Apr. 17—Since Pennsylvania recently lifted some restrictions on dining capacity and alcohol service, area restaurant owners say their businesses are getting back to the "normal" before the COVID-19 pandemic.
But what's not normal is the lack of workers and the unavailability of some food and restaurant supplies.
Jimmy Sabatino and his siblings, Donald Sabatino and Jenna Bove, oversee Vesuvio's restaurants in Hazleton, Drums and Wilkes-Barre.
"I think people are very excited to be out on the patio or to be able to be seated at the bar again," Jimmy Sabatino said. "That dynamic — the fact that they can sit at the bar — is only going to increase over time. And as more people are getting vaccinated, they will feel comfortable sitting at the bar again. That was a big chunk of our business that we did lose because of the pandemic — the bar trade."
Since April 4, establishments can now resume bar service; no longer require purchase of food for alcohol service; and increase indoor dining capacity to 75%, with 6 feet between diners.
At Fourth Street Pub in West Hazleton, owner Martin Beccone said bar business is picking up.
"It's good. It's really good," he said. "We are definitely seeing a bit more people. Plus I think more people are coming out more in general."
Vesuvio's in Drums recently opened its outdoor patio following its winter closure. In addition to a number of tables, the patio features a bar.
"Good help is hard to find," he said. "We're looking for bartenders and servers. This year more than any other has been really hard to staff back up."
Vesuvio's was able to keep its staff throughout COVID-19.
"Now we need more people because now the demand is going up. It hasn't been through the roof yet but I imagine over the next few weeks it will be," Jimmy Sabatino said.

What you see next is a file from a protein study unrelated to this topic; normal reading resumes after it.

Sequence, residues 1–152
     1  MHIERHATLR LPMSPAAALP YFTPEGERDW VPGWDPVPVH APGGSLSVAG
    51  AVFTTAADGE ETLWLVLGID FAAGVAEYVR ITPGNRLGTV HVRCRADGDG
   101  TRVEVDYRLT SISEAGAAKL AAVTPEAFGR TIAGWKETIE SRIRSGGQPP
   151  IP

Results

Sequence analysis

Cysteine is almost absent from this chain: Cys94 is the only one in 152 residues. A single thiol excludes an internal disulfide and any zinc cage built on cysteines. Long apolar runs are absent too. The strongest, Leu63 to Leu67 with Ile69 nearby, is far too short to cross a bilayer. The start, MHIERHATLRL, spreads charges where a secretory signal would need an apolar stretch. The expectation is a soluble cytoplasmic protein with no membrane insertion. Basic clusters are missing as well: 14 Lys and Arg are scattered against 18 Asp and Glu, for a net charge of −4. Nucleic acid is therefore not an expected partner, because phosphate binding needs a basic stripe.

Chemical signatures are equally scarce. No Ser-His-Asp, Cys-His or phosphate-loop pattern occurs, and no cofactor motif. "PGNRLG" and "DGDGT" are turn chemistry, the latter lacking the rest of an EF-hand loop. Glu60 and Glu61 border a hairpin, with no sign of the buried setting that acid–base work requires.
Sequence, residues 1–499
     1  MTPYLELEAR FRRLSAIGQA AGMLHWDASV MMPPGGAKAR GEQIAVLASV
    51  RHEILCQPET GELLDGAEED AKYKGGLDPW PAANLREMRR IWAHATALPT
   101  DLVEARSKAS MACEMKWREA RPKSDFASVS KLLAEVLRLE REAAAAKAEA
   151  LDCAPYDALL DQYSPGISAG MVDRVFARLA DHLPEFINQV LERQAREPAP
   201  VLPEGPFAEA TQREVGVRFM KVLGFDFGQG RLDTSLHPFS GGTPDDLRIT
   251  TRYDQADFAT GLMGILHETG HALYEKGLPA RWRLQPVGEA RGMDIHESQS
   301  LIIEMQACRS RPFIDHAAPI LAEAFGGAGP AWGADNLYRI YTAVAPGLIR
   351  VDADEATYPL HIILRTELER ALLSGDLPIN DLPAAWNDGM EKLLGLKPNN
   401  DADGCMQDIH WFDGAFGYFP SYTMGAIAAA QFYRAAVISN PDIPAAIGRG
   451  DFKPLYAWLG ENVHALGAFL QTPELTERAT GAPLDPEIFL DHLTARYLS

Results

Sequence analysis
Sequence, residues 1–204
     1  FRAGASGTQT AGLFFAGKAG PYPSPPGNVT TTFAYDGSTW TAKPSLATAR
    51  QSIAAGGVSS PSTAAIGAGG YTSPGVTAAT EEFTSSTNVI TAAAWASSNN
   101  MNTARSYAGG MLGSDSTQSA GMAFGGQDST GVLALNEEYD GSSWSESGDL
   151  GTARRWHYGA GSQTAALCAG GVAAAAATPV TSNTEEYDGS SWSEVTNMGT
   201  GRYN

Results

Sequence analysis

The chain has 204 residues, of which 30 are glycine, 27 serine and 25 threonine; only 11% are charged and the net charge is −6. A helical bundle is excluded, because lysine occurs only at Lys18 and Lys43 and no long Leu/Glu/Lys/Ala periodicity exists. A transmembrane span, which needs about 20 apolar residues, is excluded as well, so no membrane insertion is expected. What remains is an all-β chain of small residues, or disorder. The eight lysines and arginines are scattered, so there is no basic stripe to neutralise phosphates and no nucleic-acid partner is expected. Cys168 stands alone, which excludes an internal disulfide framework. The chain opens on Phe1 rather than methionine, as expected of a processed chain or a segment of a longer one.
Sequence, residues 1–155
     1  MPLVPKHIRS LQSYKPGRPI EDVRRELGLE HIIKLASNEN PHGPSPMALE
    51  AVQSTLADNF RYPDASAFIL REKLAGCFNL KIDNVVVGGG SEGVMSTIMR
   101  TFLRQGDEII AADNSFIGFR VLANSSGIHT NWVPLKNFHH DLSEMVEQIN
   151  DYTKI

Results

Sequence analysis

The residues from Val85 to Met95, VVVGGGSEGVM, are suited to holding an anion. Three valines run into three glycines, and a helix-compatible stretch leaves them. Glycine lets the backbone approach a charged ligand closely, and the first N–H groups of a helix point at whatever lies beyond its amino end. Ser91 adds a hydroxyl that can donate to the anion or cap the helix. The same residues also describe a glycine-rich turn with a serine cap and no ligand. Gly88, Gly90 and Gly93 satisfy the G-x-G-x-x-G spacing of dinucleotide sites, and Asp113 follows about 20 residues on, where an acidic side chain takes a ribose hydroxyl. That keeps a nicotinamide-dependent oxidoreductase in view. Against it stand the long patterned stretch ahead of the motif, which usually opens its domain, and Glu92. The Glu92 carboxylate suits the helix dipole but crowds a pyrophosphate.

Beccone is hoping to get Fourth Street's patio open when the weather breaks.
"The other half of it is I'm having a hard time getting enough employees because everybody gets $300 a week," he said, referring to an additional $300 folks receive on top of their weekly unemployment compensation. "I don't blame anybody for not coming to work but it's very difficult to find employees."
Beccone said it's not just the service industry. Others are struggling to find workers.
"The price of everything is going through the roof because of it," he said.
For example, a case of chicken wings could be purchased for $65 to $70 around this time last year.
"Right now, they're costing me $132 a case," Beccone recently said. "The reason being is because there is not enough workers to harvest the chickens."
Two weeks ago, Fourth Street almost ran out of wings — one of its best selling items. The restaurant typically buys, prepares and sells 17 cases a week.
"I couldn't even get them. I was down to my last half case, and the (vendor) showed up with my wings," he said. "It's crazy right now."
Jimmy Sabatino has also seen varying prices on food and supplies.
"It's been really interesting during the pandemic because the price would spike of something you would never even think of," he said.
And there were shortages of a multitude of items.
"I know that ketchup packets are the new hot thing that nobody has that everybody wants," Jimmy Sabatino said. "It went from toilet paper to paper towels. It was roast beef for a while, then it was bacon and now it is ketchup packets."
Jimmy Sabatino said his grandparents, the late Renato and Filippa Castagliola, opened Vesuvio's in Hazleton 46 years ago.
"They taught us to ride the wave, to make the changes where you need to to keep yourself afloat until things get back to normal," he said. "I think they taught us pretty well."
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